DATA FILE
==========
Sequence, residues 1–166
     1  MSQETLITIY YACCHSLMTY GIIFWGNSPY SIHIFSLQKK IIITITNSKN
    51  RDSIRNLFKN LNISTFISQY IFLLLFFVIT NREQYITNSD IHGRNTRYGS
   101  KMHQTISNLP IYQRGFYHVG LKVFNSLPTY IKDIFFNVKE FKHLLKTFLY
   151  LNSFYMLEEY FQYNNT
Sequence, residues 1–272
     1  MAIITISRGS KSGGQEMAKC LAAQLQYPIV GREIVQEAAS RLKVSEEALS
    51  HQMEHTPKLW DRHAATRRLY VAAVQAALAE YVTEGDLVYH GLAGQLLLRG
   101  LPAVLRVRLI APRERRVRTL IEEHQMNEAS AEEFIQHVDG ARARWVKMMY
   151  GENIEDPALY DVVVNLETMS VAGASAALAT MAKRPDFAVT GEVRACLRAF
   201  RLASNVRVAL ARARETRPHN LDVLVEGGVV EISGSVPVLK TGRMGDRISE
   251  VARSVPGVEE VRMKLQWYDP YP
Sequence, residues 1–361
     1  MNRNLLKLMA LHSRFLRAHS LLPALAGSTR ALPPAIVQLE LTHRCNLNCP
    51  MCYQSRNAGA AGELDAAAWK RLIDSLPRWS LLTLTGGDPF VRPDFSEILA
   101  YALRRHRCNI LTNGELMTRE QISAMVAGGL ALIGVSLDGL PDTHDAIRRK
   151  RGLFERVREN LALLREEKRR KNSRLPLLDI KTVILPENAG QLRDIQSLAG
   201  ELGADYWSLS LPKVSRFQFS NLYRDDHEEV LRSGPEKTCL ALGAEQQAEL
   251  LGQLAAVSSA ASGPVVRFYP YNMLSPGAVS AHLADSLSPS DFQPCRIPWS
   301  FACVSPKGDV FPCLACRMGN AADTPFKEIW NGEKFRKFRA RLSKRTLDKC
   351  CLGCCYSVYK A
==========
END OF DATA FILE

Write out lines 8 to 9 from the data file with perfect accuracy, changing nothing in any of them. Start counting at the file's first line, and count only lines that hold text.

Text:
    51  HQMEHTPKLW DRHAATRRLY VAAVQAALAE YVTEGDLVYH GLAGQLLLRG
   101  LPAVLRVRLI APRERRVRTL IEEHQMNEAS AEEFIQHVDG ARARWVKMMY